Proposed Mitigations for the Propane Recovery Project

The County Planning Commission has approved the EIR unanimously for the Propane recovery project.  That decision was partly (or mostly, or completely?) based on the recommendation from the Department of conservation and DEVELOPMENT.  That report is below.

Some citizens have found a couple of ridiculous claims made in the document.  I take the liberty to copy their comments below.

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Dave Black writes:

1.       The following obtuse-in-the-extreme statement:  “Airborne emissions of certain gasses do have the ability to produce odors, which can result in public nuisances and complaints from residential communities. As discussed within the Final Environmental Impact Report (FEIR) in Chapter 2-Master Responses on page 2-10, the refinery and the communities continue to work on a fenceline monitoring system, as required as part of a previous land use permit. The Propane Recovery Project appears unlikely to result in an increase of odorous emissions, as certain equipment and technology are anticipated to be installed and/ or used as part of the fenceline monitoring system.”  The last sentence is completely meaningless/illogical to any reasonable observer (“It stinks around here but we have these killer new FLMS features.  Ergo, it doesn’t stink.”).

Marilyn Bardet from Benecia adds:

From a CEQA perspective the statement quoted in #1 is ridiculous.  The Propane Recovery Project appears unlikely to result in an increase of odorous emissions, as certain equipment and technology are anticipated to be installed and/ or used as part of the fenceline monitoring system.”  First, CEQA doesn’t allow the conjecture of probability in the words “appears unlikely to result in an increase of odorous emissions….”. “Appearing unlikely” is not the same thing as fact-based evidence. The Second ERROR is obvious and hilarious: increases in odors cannot be mitigated or reduced by a fenceline monitoring system, no matter how technologically sophisticated the system! A monitoring system only reads the gases’ chemical signatures; the monitors cannot dissipate or eliminate them!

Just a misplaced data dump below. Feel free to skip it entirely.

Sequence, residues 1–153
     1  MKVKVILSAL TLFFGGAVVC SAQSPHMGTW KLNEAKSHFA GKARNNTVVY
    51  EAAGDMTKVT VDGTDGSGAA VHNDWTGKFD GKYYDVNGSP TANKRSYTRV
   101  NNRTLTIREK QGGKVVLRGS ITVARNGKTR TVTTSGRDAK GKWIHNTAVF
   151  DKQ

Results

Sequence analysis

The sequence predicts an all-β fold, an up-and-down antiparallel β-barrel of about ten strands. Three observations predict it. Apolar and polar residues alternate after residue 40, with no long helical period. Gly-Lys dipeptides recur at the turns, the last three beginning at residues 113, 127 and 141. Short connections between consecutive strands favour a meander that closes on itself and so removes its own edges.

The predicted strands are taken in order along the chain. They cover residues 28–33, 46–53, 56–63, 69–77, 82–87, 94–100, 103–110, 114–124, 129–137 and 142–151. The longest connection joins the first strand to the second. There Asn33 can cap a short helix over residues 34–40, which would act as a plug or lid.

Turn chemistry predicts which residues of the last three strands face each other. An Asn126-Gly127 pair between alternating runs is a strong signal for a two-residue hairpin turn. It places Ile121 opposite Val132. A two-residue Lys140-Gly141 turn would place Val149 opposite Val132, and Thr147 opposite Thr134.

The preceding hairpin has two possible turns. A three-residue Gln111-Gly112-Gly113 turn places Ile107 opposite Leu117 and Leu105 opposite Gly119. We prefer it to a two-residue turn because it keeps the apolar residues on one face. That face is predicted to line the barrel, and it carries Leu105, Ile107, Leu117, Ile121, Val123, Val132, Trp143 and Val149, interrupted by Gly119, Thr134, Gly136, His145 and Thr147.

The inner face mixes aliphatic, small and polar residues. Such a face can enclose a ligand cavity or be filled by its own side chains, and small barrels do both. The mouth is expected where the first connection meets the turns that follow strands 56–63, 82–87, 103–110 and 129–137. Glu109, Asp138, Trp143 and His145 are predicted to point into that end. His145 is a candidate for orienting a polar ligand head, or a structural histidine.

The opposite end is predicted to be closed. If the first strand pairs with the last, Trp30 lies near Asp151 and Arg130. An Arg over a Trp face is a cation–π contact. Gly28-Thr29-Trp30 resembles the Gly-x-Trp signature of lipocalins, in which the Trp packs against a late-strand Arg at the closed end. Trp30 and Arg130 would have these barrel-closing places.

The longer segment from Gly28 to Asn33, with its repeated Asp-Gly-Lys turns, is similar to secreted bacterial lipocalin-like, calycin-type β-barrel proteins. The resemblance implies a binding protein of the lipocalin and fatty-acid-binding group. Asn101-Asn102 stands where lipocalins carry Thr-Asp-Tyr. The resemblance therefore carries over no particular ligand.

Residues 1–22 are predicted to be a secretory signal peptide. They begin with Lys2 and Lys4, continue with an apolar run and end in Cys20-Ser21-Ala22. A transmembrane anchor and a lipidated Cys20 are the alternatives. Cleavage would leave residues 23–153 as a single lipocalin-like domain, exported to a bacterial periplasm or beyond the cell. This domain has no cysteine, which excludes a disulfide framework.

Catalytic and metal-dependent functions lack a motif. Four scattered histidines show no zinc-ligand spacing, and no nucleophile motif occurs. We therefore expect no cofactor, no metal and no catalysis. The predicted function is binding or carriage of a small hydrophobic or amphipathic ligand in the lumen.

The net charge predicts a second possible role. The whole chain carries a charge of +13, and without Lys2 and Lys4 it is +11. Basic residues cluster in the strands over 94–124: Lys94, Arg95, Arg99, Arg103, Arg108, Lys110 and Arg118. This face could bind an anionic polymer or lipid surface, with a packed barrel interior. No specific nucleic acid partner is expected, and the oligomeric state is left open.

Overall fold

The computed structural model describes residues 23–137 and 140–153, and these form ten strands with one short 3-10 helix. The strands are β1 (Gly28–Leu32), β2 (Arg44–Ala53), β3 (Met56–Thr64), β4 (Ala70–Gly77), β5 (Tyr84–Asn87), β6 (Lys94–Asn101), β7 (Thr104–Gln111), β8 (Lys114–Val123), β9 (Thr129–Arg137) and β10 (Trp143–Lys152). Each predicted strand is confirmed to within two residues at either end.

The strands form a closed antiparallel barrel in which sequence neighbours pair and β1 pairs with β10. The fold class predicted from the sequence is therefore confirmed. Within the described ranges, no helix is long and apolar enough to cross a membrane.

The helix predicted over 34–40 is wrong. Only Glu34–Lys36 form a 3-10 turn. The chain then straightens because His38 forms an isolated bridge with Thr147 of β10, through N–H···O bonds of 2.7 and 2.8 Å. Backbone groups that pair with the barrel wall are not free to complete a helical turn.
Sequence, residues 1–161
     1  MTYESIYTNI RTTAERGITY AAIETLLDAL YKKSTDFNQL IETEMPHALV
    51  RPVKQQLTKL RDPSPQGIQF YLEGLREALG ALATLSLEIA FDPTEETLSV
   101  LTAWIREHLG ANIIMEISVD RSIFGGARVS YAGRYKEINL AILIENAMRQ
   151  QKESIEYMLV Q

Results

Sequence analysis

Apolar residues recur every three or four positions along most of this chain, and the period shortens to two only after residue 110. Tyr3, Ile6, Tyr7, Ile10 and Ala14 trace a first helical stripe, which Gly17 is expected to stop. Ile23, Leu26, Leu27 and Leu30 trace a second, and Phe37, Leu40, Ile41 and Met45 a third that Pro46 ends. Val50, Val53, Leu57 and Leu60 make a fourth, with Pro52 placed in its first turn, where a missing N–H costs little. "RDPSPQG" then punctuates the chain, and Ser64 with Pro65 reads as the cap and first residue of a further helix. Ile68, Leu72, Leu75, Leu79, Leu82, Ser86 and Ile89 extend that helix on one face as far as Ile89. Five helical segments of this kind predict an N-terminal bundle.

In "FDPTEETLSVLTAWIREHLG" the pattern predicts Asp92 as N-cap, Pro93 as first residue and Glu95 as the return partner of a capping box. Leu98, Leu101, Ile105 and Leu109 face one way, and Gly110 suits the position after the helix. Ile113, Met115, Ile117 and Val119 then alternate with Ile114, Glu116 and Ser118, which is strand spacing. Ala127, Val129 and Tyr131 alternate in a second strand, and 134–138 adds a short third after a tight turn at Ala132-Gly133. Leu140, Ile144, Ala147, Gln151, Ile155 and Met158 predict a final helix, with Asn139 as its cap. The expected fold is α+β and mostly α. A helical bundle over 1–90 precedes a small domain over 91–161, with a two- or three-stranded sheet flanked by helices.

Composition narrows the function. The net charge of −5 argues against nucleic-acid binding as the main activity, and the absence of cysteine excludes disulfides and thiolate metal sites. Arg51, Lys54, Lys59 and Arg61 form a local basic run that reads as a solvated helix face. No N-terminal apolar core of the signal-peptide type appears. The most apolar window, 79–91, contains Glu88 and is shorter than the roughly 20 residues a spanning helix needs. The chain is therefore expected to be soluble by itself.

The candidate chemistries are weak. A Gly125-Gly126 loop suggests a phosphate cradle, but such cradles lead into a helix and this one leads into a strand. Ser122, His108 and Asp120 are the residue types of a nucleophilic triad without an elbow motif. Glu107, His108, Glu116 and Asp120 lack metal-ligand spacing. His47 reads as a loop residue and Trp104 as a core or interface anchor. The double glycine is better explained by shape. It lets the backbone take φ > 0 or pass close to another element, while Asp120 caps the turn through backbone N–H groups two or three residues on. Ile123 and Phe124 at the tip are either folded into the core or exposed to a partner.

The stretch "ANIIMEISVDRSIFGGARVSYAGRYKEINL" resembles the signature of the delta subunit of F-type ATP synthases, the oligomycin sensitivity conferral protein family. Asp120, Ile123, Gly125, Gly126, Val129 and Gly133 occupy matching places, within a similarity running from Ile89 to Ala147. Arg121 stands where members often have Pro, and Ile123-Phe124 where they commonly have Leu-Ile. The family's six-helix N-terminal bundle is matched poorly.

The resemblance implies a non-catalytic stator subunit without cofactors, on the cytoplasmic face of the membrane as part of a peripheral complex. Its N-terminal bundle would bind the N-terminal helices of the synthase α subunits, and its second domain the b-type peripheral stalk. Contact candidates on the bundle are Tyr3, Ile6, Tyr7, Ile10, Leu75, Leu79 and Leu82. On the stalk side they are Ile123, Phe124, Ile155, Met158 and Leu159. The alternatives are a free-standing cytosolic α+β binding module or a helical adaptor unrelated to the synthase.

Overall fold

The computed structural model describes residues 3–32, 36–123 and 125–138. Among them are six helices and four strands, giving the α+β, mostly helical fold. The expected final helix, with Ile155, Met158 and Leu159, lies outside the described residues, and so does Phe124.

ALSO:
If there is a case to be made that there will be a significant potential (and cumulative!) increase in odors, then a mitigation measure must be drawn up and submitted as an actual plan that would reduce or eliminate that potentially significant impact, e.g., delivered to decision makers at the time the EIR is presented for final approval. The public must be able to review those planned mitigation measures to assess their potential effectiveness in eliminating environmental impacts and risks to public health and safety. Under CEQA, a mitigation measure cannot be “promised” to be submitted at a later date. Also, for emergency planning, a mitigation measure must address specificprocedures pertinent to the particular type of potentially significant incident, accident or release envisioned to be made possible by the proposed project.
The use of the Selby superfund site for a “backup construction laydown area” is potentially an OSHA issue, if nothing else. The Selby site was once used for smelting lead, tons of it over many years. There must be lead dust everywhere (some of which was detected in elevated lead levels in surface soils in Benicia’s northern hills which were slated for residential housing development in the 90’s. The final EIR for the development required a mitigation of removing up to 2′ of surface soils, to remove the lead – and other detected military explosive hazards! – before homes could be built.) The subject of serious health hazard needs to be addressed with construction workers who would be assigned, (according to the EIR statement cited) to activities at the Selby site.

The passage of the EIR is based on a fiction perpetrated by the authors of the EIR document.  Now, of course, they need more money from the county ($45,000 paid for by the refinery) to further their claims and defend their positions to the community.  See the following…

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Happy New Year from this side of the fence.

 

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